As described in a previous post, I’m working my way around Kent’s libraries. Today we stayed relatively close to home, as we explored the Gravesend/Gravesham area, visiting 6 libraries of similar age, but each with different characters.
First stop was Higham, where a friend’s daughter is doing some voluntary work. As we arrived, the Saturday board games club was in full swing, with Izzy fully involved. There is a lovely courtyard garden outside the library, and evidence of local skilled craftspeople, as the library has a couple of beautifully worked wall hangings on display. The one below celebrates their connection with Dickens (whose house was at Gad’s Hill – actually closer to Higham than Rochester – who usually trumpet him as their own!)
One of the larger ones we visited, this library is situated next to a health centre. At one end is a large children’s area, and all around there are lots of book related quotes on the walls. There is a separate section for older children, with computer, desks and comfy seats, plus a colourful stained glass window.
Also, to the left of the library is a small building – not sure whether it is a garage for a mobile, or just a storage shed, but it has appropriate graffiti decoration – credited to the Coldharbour Crew: Free books, Free ideas!
Next stop was Dashwood library – which wins the prize for the tiniest building visited so far. It looks not much bigger than a double garage, and unfortunately didn’t open until later that afternoon, so I couldn’t go in – but there was a small window in the door so I could see that inside it is completely lined with bookshelves, brightly painted and looks welcoming. Its situated at the edge of a park, which was busy on a Saturday morning with football practice. Apparently (we heard from a library worker we spoke with later) there used to be a nursery over the road, which brought in lots of extra visitors.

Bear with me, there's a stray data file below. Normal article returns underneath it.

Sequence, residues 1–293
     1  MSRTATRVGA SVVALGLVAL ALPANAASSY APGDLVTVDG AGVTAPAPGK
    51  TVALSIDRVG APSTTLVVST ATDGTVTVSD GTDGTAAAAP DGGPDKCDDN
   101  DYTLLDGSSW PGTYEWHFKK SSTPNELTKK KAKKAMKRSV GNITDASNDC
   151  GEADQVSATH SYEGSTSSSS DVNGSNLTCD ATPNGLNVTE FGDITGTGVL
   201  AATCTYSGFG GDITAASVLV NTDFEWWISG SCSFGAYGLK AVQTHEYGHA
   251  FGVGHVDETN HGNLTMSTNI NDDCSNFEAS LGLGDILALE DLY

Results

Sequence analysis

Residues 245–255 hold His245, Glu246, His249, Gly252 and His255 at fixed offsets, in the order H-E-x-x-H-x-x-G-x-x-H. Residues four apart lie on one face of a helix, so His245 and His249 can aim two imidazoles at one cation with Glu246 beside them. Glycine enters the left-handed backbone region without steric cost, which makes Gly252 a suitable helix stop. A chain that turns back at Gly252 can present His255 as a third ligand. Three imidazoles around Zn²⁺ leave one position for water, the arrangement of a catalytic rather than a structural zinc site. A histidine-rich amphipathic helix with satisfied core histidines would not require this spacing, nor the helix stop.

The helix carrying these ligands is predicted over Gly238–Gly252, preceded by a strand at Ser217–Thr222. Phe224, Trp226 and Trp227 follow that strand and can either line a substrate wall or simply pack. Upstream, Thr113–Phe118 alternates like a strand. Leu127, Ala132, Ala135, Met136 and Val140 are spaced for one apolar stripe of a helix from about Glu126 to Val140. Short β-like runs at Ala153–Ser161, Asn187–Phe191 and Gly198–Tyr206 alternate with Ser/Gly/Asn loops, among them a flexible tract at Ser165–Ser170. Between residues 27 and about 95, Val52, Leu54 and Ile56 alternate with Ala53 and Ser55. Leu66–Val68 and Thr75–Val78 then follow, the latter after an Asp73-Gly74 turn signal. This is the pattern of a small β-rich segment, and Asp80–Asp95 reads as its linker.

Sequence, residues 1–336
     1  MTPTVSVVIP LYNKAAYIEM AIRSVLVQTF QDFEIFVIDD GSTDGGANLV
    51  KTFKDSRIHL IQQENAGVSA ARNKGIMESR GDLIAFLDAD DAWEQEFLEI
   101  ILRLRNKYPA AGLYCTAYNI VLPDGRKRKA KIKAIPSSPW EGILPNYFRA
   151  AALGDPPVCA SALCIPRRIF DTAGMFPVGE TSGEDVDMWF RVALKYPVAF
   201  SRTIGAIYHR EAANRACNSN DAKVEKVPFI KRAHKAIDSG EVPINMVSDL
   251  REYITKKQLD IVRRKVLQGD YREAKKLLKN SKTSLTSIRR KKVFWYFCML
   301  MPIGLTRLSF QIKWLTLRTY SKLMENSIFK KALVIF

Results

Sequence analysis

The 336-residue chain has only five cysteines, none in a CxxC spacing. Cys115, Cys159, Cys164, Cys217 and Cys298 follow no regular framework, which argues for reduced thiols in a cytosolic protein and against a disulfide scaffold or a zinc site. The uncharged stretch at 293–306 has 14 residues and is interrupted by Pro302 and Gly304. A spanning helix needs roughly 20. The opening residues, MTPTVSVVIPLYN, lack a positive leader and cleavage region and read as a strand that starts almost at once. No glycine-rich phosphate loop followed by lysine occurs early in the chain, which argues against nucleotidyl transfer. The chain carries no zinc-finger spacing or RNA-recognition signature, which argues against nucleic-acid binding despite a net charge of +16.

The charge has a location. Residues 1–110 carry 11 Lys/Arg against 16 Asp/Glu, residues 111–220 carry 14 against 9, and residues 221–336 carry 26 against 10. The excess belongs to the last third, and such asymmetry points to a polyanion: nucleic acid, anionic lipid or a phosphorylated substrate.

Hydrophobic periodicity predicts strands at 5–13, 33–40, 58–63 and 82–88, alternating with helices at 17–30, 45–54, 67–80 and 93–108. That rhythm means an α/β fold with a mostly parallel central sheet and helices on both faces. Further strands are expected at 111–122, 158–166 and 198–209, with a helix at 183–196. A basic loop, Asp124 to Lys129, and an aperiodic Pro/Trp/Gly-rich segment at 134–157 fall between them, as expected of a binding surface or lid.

Kings Farm library
This library is on the Kings Farm estate – next to a building bearing a carved sign: ‘Estate Office’. The estate was apparently mostly built in the 1920s, but has been substantially rebuilt/refurbished over the last 20 years. If you google the estate, you only get bad news stories, but the library was bright and welcoming inside, with a colourful children’s section, and customers using the computers
Marling Cross library
Penultimate stop was Marling Cross library – another that unfortunately wasn’t due to open until after lunch, but through the huge glass windows, looks modern and tidy. Posters advertised a diverse number of groups meet there, from code club, to mums and toddlers, to knit and natter. It is another that was part of a row of shops, and it’s next to a doctor’s surgery.
Riverview Park library
Last stop for today, we called in to Riverview Park. This hexagonal library was opened in 1964. It is situated next to a row of shops, by a reasonable sized carpark – and apparently (according to a bronze plaque on the wall) on the site of the old Gravesend airfield. Inside, the shelving echoes the unusual shape and peaked roof, with wooden peaks above each bay. In the centre of the building is the old mainmast of a Thames sailing barge.
And we did borrow some books from this library – after a slight confusion, as my Medway card should be valid, but the library manager got some slightly odd messages as she put the books through. And another thing we learned, as another borrower went to take out a book, the computer beeped and alerted her to the fact she had borrowed it before. A good tip – and she went back to choose something else. Apparently the self service machines don’t do that – something to look into perhaps?!
All the photos I’ve taken to date of libraries run by Kent County Council are in this album. Still some way to go!